"She is not here," Mrs. Collins said as she emerged from the last room on the floor, flushed and breathing heavily. "But her wrap, her spencer, and her bonnet are all on the table in her room, so she did not go out intentionally."
"She may be downstairs," Mr. Collins said, moving toward the far end of the hallway in a sudden rush. He added over his shoulder before entering a darkened room lined with bookshelves, "Perhaps she fell asleep or something."
Mrs. Collins plunged headlong down the stairs, but by the time Fitzwilliam had finished glaring after Mr. Collins and checking a few closets on the main floor, she had flown through all the other rooms and come up empty-handed. She stood very tall and straight in the center of the parlor, a picture of self-possession, but on approaching her, Fitzwilliam could see that her hands were shaking.
"Where could she be, Colonel?"
Fitzwilliam wanted to answer, wanted to assure this poor, frightened lady that her friend was safe and would be just fine, but as she looked up into his eyes with desperate inquiry, he knew he could not lie to her. "I do not know."
She turned her back on him, hunching her shoulders and wrapping her arms around herself. She made no sound, but her shoulders heaved once and a shudder ran through her.
He stood awkwardly for a minute or two, uncertain whether to leave her. It was painful to stand there watching, unable to help or to offer comfort as he wished to do. Where was Mr. Collins? It was his place—nay, his duty!—to take her in his arms and whisper words of hope and faith that all would be well, but the idiot man was upstairs combing through his possessions, entirely unconcerned about his missing cousin or his frightened wife. Fitzwilliam considered returning above stairs and dragging the man back down, but he strongly suspected that nothing about that man would be a comfort to this suffering woman.
The reality of her pitiable situation flashed on him all at once. As the wife of Mr. Collins, she was well-respected and comfortable, but away from her parents and home, she was alarmingly unaided here. Mr. Collins had provided her a living and a name, but he was as useless a husband as a stump of wood would be in a time of need, and in any truly difficult situation that arose in her life, she would always be alone.
Fitzwilliam stepped up beside her finally, offering his handkerchief. It was all he could do, and so much less than he wished he could do, so much less than she deserved.
She accepted it without comment, wiping the silent tears that had streamed down her cheeks.
"I will do everything in my power to find your friend," he assured her quietly, feeling the depth of his sincerity ring through him like the cry of a bugle. "I swear it."
"Thank you, Colonel," she whispered, looking up at him with something like hope. "Anything you could do would be… Colonel? What is it?"
Fitzwilliam had frozen part way through turning back toward the parlor door.
No, it could not be.
That sick feeling still spinning inside him intensified so instantly that he was forced to close his eyes for a moment to fight a slight dizziness. When he opened them again, gazing toward the tabletop near the doorway, he uttered the most impolite curse he knew.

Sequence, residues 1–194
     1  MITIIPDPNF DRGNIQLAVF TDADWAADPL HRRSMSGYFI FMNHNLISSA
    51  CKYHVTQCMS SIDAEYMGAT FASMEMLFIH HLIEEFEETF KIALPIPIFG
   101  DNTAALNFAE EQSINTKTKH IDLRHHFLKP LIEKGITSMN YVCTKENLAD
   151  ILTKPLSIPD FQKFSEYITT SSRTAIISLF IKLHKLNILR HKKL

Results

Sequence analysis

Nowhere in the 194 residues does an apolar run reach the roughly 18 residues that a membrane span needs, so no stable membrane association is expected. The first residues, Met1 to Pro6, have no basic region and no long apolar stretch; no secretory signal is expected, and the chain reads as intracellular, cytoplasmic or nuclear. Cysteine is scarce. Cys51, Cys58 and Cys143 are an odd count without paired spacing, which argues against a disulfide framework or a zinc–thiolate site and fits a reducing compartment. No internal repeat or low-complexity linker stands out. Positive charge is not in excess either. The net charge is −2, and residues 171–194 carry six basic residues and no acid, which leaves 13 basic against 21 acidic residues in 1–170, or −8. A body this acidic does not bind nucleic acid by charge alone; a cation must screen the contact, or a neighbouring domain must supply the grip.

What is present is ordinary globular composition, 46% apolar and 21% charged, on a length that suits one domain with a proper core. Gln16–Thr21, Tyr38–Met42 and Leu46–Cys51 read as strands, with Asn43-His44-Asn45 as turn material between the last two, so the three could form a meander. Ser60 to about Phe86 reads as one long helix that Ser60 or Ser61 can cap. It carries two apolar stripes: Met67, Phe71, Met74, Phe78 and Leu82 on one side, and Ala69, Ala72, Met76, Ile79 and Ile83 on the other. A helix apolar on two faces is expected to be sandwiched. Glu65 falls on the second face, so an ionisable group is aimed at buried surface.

"What is the matter, sir?"
He strode silently across the room, stopping before the table and reaching out as slowly as possible to run his fingers across the smooth shaft of an ebony-handled walking stick. Beside it lay a familiar beaver hat and a piece of folded paper.
As he lifted the stick and grasped the familiar, well-worn, brass falcon handle, he unfolded the paper with his other hand and let his eyes run over the words. He felt Mrs. Collins move beside him and begin reading as well.
"Dear Mr. Collins,
"My friends and I wanted to thank you for your hospitality this evening, no matter how short a time we enjoyed it. Your home is lovely, and your staff was most accommodating. Given your reluctance to make good on the debt you have owed for some time, you will be comforted to know that we have gathered enough tonight to clear it all, including interest. I hope it was not nearly as painful as you had feared, nor as frustrating to your lovely wife.
"I do, however, regret to inform you that your houseguest's presence was required elsewhere. We have taken it upon ourselves to aid her in her journey posthaste, and I am certain she wishes for me to convey her regrets that she was not able to take proper leave of you. Worry not for her, dear sir, for she is in very capable hands.
"If you would be so good as to inform Lady Catherine and Miss de Bourgh of the darling Miss Bennet's change of plans, I would be ever so grateful. Would you pass them the message that I hope they are now far more aware of the seriousness of the intentions I conveyed to them in my previous communications?
"My thanks to you again, sir, and my best wishes to your dear wife. Here is a parting piece of advice: in future, I suggest that you avoid becoming so deeply indebted to anyone. It really is not healthy. Or wise.
"G. J. Smythe, Earl of Aberforth"
At the bottom, in a hastily scribbled postscript was added, "Please let Lady Catherine know that her beloved nephew shall be well looked after as well. He seemed most eager to join us, given Miss Bennet's presence among us, and who am I to deny a man's pleasure? Tell her that I insist Rosings' debt be paid within the next fortnight, for Miss Bennet's sake, and that I shall be contacting her within a fortnight to clarify a ransom for her nephew's safe return. Best wishes!"
Fitzwilliam held the note very still until he was certain Mrs. Collins had perused all the contents, and then he stepped back, holding the note in his hand and turning to face her.
"Lizzy and Mr. Darcy…" Mrs. Collins breathed.
Fitzwilliam nearly choked as he finished, "…have been kidnapped."